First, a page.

Fighting Back USCIS Harmful New Proposed Fee Rule

ASISTA stridently opposes the proposed fee rule published in the Federal Register yesterday as it further advances the Administration’s callous agenda to create significant barriers to equal access to immigration relief. The new proposed rule makes sweeping changes, including but not limited to:

I. Fee Increases

  • An increase in fees for N-400 naturalization application, from $640 to $1,170 (83% increase) 
  • An increase in fees for  I-929: Petition for Qualifying Family Member of a U–1 Nonimmigrant,  $230 to $1515 (an increase of 559%).
  • An increase in fees for I-485: Application for Adjustment of Status 
  • A new fee for affirmative asylum applications and increase in fees for DACA renewal requests.

II. Elimination of Fee Waivers for Many Applications

The new rule also calls for the elimination of fee waivers for many applications including N-400, I-90, I-765, I-485 and I-751; however, fee waivers for forms related to VAWA self-petitioners (including I-751 waivers based on domestic violence and VAWA cancellation), U visa and T visa applications, battered spouses of certain nonimmigrant visa holders under INA §106, and Temporary Protected Status (TPS)are statutorily mandated by Congress and cannot be eliminated by agency action.**

Even before this new fee rule was published, USCIS had taken action to limit the criteria to determine fee waiver eligibility through its revisions to the I-912 fee waiver form and corresponding guidance, which will create significant barriers for immigrants, including survivors of violence. While those changes are currently being challenged through litigation efforts, the new proposed fee rule published yesterday further limits the criteria for fee waivers, as those seeking fee waivers based on the federal poverty guidelines will now need to demonstrate that they earn less than 125% of the federal poverty guidelines, rather than the current level of 150%.  The proposed rule also eliminates the financial hardship criteria for fee waivers.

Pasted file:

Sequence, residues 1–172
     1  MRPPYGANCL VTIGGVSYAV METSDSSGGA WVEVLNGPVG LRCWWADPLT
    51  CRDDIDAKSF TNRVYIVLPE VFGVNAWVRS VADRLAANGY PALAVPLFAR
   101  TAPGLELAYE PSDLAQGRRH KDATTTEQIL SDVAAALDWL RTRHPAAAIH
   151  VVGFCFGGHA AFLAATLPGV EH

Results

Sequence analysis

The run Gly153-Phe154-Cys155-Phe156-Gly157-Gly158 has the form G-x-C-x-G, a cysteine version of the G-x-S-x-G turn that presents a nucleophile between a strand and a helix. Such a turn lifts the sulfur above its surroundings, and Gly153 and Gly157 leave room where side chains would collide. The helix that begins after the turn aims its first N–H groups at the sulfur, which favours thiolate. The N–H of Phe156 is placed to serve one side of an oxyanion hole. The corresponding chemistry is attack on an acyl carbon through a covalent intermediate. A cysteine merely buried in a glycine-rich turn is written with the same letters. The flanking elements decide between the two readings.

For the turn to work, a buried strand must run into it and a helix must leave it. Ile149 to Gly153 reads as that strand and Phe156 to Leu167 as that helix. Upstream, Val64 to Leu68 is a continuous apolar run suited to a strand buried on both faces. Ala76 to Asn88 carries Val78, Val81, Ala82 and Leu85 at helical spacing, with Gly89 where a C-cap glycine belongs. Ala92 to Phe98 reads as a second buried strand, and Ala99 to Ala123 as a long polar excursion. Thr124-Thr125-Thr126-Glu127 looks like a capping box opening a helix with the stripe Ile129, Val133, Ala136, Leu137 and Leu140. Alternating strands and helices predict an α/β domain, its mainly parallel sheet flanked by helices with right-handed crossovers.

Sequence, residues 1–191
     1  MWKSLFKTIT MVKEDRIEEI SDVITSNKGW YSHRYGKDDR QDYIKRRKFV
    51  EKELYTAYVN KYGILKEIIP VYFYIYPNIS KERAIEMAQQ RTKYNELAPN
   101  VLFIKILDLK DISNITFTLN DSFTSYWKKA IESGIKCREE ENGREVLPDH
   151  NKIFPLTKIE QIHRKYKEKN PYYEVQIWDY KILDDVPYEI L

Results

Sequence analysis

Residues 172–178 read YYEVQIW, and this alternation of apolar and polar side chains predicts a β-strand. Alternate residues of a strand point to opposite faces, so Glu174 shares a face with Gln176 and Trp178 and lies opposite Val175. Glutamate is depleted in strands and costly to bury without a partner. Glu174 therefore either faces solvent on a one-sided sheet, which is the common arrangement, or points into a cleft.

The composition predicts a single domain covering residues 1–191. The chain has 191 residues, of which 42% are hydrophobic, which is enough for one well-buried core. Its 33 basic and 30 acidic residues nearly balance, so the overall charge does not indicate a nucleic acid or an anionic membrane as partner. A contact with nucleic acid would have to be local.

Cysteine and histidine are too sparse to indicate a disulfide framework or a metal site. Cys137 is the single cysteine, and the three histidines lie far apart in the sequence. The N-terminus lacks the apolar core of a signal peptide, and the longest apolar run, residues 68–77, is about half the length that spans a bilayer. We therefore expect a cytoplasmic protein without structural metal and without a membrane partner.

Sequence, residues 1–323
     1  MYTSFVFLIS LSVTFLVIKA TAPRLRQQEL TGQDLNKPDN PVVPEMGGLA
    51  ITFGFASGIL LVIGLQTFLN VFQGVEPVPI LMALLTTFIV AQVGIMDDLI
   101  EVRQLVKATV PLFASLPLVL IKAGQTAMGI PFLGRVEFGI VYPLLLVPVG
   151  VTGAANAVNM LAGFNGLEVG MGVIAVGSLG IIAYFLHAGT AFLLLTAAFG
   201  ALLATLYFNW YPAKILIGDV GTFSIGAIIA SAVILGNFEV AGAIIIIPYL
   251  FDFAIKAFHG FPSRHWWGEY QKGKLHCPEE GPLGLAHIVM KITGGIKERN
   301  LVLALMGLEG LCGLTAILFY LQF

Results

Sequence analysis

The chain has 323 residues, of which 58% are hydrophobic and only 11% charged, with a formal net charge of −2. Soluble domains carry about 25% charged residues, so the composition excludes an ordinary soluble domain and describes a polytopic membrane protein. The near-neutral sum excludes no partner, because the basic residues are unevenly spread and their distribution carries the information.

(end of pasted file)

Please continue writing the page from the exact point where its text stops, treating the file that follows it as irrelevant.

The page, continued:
III. Transferring Funds to ICE

In addition, the new fee rule calls for over $200 million to be transferred to ICE, citing their role in investigating and enforcing laws related to potential immigration fraud. It is unconscionable that immigrants applying for immigration benefits should shoulder the financial burden of transforming USCIS into a third enforcement arm of DHS. 


While there have been advocacy efforts to seek an extension, the deadline for comment on this significant proposed rule is December 16, 2019.In the upcoming days, ASISTA will be sending out template comments and sharing additional resources for organizations that serve immigrant survivors of domestic and sexual violence to voice their strong opposition to this new rule.  We will also be posting updates on ASISTA’s Fee Waiver Advocacy Page. 

For more information on the new proposed rule, [click here] for a factsheet developed by NALEO. For additional background on the proposed fee schedule, from CLINIC [click here].   For further questions on this proposed rule, contact ASISTA at 

** For example, the William Wilberforce Trafficking Victims Protection Reauthorization Act of 2008, specifically stated that DHS shall permit applicants to apply for a waiver of any fees associated with filing a VAWA self-petition, a T or U visa application, or an application for VAWA cancellation or suspension of deportation.